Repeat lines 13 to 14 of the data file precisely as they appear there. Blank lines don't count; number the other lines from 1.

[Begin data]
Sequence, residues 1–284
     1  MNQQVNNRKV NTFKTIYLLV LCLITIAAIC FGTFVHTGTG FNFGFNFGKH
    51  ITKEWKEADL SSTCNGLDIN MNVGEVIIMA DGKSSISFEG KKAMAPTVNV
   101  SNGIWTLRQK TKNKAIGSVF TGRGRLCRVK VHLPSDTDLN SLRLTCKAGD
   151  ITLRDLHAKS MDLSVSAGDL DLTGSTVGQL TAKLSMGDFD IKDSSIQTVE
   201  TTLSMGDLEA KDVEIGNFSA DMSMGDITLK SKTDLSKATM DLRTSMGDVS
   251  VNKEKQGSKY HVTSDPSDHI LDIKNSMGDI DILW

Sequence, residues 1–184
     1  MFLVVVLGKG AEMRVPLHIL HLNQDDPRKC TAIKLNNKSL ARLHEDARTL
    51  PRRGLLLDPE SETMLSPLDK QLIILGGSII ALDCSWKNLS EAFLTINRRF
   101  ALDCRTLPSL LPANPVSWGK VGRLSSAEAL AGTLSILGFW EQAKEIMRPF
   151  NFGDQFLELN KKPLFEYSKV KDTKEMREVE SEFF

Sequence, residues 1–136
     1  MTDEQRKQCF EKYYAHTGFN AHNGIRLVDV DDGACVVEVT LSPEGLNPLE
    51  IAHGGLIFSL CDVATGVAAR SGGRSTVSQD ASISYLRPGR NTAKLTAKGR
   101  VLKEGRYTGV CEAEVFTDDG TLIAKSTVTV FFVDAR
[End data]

Sequence, residues 1–136
     1  MTDEQRKQCF EKYYAHTGFN AHNGIRLVDV DDGACVVEVT LSPEGLNPLE